D.M.: Many of the women who come to us, who are at risk of trafficking, have been deprived of any opportunity. By providing both individual support and teaching technical skills, each woman gains higher levels of employability and confidence. We are in constant contact with partner sites, and provide consistent follow-up to make sure women from our program are employed and working under respectful conditions. Where they go from there is for them to explore and decide. Through our curriculum, they gain self-confidence and the ability to advocate for themselves. They also have our ongoing support once they are placed in jobs. But we help lay, and continue to support, the foundation.
Upon completion of Foundation Training, graduates are placed in jobs and apply their skills to start a new life. In our experience, a job and income give women a voice, choice, and ability to stand up for their rights within their family and community. Most importantly, after our training, women see the value of education and investing in the education of their daughters by reenrolling them back in school or paying for additional tutoring services as the education system in Bihar is not good.
Through our approach, we believe that we can reduce trafficking figures — estimated 46 million slaves worldwide — in the next few years. By providing training, opportunities, and work for survivors and the most vulnerable women, they will be able to financially provide for themselves and their families. Thus, victims have an alternative means to financial independence, families are not forced to sell their children into the sex industry, the women have a new sense of personal value and potential, and families are able to afford to send their children to school.
At the individual and community level, over time, the perceptions of the value and worth of women and children in the community will change, the region no longer becomes a destination for traffickers, and as their children succeed, they will also help to provide for their families; therefore, breaking the cycle of poverty. At the industry level, we also create high quality, advocacy-focused products, a network of partners develops to create a sustainable market in the region, and the products themselves bring awareness to the issue of sex trafficking. In the long term, a community with a trained workforce will attract more industry, increasing job opportunities and reducing poverty, and also awareness will reduce the demand for trafficking.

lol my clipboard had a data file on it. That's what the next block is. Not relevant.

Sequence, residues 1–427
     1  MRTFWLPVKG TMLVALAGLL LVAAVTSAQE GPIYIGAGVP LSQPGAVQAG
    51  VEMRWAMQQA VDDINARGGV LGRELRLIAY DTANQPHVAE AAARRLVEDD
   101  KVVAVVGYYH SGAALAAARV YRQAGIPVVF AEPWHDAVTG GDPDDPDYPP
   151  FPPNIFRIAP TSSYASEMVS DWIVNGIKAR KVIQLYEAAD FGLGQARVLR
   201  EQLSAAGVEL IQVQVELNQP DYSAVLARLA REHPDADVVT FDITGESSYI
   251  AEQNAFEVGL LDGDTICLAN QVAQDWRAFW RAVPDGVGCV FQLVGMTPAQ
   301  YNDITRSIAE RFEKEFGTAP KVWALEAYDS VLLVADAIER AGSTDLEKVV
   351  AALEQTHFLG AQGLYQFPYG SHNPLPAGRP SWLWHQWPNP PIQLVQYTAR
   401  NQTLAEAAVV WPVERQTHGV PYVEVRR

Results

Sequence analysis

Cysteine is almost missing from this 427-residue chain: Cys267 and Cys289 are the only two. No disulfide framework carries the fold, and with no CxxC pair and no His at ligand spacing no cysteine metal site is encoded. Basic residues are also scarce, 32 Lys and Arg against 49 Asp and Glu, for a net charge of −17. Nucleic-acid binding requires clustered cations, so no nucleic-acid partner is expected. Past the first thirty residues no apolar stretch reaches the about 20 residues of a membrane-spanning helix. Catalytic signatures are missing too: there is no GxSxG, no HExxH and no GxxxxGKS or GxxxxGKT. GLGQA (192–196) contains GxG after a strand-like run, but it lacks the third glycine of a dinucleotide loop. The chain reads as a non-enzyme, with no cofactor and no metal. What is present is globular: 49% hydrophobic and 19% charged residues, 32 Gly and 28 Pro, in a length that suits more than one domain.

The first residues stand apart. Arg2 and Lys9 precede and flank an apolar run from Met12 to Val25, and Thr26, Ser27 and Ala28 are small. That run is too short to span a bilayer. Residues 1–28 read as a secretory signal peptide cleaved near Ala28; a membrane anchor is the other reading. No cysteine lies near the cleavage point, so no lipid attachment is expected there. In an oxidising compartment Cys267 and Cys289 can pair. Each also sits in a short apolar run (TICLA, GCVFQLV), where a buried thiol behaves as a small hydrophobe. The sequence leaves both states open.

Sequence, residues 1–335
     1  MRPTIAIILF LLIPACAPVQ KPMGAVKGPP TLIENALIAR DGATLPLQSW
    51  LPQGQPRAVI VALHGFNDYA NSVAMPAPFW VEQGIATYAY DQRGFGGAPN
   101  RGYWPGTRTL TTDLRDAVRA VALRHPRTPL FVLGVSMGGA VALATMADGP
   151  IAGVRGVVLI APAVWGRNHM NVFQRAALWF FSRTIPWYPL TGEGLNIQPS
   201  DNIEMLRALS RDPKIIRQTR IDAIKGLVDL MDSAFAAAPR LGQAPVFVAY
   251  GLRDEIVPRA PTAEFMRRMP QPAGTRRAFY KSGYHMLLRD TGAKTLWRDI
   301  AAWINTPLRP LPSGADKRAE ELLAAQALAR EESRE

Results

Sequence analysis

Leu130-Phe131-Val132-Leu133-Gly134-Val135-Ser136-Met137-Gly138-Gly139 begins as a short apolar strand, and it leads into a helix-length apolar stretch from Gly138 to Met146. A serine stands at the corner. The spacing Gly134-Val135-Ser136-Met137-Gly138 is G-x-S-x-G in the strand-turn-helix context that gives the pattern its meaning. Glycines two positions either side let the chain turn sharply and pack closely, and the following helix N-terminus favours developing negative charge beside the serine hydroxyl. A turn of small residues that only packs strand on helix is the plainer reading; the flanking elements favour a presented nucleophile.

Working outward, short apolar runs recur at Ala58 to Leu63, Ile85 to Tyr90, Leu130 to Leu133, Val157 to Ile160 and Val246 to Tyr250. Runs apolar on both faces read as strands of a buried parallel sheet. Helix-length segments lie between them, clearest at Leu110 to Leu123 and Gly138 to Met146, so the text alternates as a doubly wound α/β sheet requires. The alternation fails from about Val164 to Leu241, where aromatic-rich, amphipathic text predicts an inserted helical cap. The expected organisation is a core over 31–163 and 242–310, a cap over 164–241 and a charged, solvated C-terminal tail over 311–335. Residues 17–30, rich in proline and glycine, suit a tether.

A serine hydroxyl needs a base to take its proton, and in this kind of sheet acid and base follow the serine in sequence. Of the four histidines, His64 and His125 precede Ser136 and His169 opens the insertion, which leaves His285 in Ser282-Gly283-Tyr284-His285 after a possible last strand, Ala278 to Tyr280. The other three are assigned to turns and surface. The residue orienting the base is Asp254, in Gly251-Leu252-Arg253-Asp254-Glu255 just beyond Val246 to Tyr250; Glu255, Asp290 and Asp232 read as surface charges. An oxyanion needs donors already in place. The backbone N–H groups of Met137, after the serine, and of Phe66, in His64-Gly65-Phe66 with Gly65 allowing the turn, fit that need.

WWD: What is the process to certify that Nomi Network’s labor force is transparent for retailers and other partners?
D.M.: Each partner site that employs women from Nomi has been vetted to make sure they align with our vision and belief in gender equality. We conduct interviews for all partners and an initial site visit to vet partners. They meet strict standards in terms of economic standing with the government, and after meeting all our requirements, have a formal agreement with us. We also have staff [members] that frequently visit these sites.
WWD: What are some of the “socially conscious” retailers that Nomi Network works with?
D.M.: Many of our items and collections are sold directly on the Nomi web site, but a few of the most notable names we have worked with are Sephora (sourcing products), Patagonia, GAP, H&M, Amazon, Macy’s and Fossil, which have provided talent and support to our fashion school and incubator in Cambodia. Fossil hosted a delegate of trainees at their office in Hong Kong for an exposure trip and exchange with executives in their different departments. Some of our trainees had never left Cambodia prior to the trip.
WWD: Why are nonprofits and social enterprises key organizations for Nomi Network’s vocational training?
D.M.: Human trafficking is a $150 billion industry. While little effort has been made by governments to prevent and prosecute trafficking, for survivors, the emancipation process is challenging as they lack income and viable job opportunities; many end up re-trafficked. Despite laws against trafficking, women living in extreme poverty are highly vulnerable to sexual exploitation due to a lack of, and barriers to ethical and sustained employment.
The private sector does not have a mandate to help those who are trafficked or lift those who are vulnerable out of poverty. However, they do have a problem and that is the potential child or forced labor in their factories. Nomi has created a cost-efficient training model lifting survivors and women out of extreme poverty and into meaningful sustainable work in garment manufacturing and advanced manufacturing. Brands like Sephora and Walmart have already partnered with us to create job opportunities for vulnerable women. It is a symbiotic relationship as brands and factories seek ethical products and greater market share from Millennials, while Nomi provides the training and upward mobility opportunities women need to secure better jobs. For example, our trainees who could not even sign their name have been promoted to become pattern-makers, quality control managers, and line managers.